Medicare Spending on Hepatitis C Prescription Drugs Jumps in 2014
Medicare Part D spent about $4.5 billion in 2014 on new hepatitis C medications, compared with $286 million in 2013, ProPublica reports.
The findings are based on federal data provided by CMS in response to a ProPublica Freedom of Information Act request and additional inquiries by the publication (Ornstein, ProPublica, 3/29).
New hepatitis C treatments, such as Gilead Sciences' Sovaldi and Harvoni, have high cure rates but have received criticism for their high cost. Harvoni and Sovaldi cost $94,500 and $84,000 per patient for a 12-week treatment, respectively (Lauer, California Healthline, 3/2) Some studies have shown that the drugs are cost-effective overall in the long-term based on improved quality of life for patients and future reductions in health costs. Meanwhile, other studies have found that the savings in future health costs only offset about 25% of the drugs' costs.
Medicare requires private insurers that administer Part D to reimburse for medically necessary treatments for all indications that are approved by FDA or recommended under clinical guidelines. The federal government under the Part D program is not allowed to negotiate reduced rates for drugs, although the private insurers are allowed to do so. According to an analysis published last year in Health Affairs, about 350,000 Medicare beneficiaries likely have hepatitis C, although many are unaware that they have the disease. In addition, the number of Medicare beneficiaries with hepatitis C is expected to increase in the coming years, according to ProPublica.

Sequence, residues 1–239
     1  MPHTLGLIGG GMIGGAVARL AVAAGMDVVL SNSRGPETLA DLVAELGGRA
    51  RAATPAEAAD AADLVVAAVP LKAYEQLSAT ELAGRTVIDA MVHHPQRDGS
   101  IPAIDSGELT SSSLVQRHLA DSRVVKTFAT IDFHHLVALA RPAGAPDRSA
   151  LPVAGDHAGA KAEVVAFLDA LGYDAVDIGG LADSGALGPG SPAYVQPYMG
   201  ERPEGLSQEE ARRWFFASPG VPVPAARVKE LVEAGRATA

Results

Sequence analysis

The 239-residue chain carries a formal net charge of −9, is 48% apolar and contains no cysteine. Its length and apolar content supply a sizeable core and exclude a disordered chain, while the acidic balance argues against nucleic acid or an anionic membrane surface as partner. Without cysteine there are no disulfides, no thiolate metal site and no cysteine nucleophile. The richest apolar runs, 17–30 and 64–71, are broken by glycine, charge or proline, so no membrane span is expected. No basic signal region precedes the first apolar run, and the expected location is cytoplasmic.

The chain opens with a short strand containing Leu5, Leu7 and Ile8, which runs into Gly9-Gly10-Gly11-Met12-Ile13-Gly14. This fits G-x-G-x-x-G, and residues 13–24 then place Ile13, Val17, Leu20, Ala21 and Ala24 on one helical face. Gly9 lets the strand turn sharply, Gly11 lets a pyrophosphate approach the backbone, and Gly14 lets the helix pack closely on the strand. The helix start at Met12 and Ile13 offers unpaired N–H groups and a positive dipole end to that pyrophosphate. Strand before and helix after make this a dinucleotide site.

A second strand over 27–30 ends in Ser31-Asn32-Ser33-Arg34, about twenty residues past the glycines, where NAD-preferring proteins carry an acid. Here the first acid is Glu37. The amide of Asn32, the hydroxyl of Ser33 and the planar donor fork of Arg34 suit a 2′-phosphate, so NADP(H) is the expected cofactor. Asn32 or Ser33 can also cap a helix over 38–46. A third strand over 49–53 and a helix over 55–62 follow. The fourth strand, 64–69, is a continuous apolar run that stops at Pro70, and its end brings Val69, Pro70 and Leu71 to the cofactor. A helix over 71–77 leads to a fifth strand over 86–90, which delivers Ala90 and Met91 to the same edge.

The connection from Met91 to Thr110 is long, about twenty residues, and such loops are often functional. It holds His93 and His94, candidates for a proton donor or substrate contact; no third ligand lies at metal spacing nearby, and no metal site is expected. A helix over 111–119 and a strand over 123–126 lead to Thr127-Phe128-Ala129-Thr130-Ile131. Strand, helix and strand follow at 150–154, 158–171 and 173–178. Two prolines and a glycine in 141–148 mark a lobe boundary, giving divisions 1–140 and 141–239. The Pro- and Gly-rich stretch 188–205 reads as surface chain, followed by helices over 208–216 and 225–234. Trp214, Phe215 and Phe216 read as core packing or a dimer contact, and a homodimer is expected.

Meanwhile, many private insurers and Medicaid programs often only provide coverage for patients that have advanced liver disease, ProPublica reports. According to preliminary data for the first nine months of 2014, state Medicaid programs spent $1.2 billion on new hepatitis C treatments. However, anticipated legal challenges might require Medicaid programs to begin to cover the treatments for more patients, according to Medicaid experts.
Details of Spending
According to ProPublica, Medicare in 2014:
- Spent more than $3 billion on Sovaldi;
- Spent $821 million on Olysio, which is often taken by patients along with Sovaldi; and
- Spent $670 million on Harvoni, which was approved by FDA in October 2014.
Meanwhile, Medicare spent $157 million on older hepatitis C treatments.
Medicare Director and CMS Deputy Administrator Sean Cavanaugh said that early data indicate that 2015 spending levels on hepatitis C treatments are currently projected to meet or exceed 2014 levels. He said, "We're all waiting to see when it plateaus or when it possibly goes back down. When will that pent-up demand be sated?"
Potential Effects on Beneficiaries' Costs
Meanwhile, the increases in Medicare costs as the result of increased spending on hepatitis C treatments will result in many of Part D's approximately 39 million beneficiaries having higher out-of-pocket cost maximums and higher deductibles, according to federal officials.
According to ProPublica, the standard deductible in Part D is set to increase from $320 this year to $360 in 2016. Meanwhile, the out-of-pocket maximum -- after which point Medicare pays 80% of the cost, a supplemental insurer pays 15% of the cost and a beneficiary pays 5% of the cost -- is set to increase from $4,700 to $4,800 (ProPublica, 3/29).This is part of the California Healthline Daily Edition, a summary of health policy coverage from major news organizations. Sign up for an email subscription.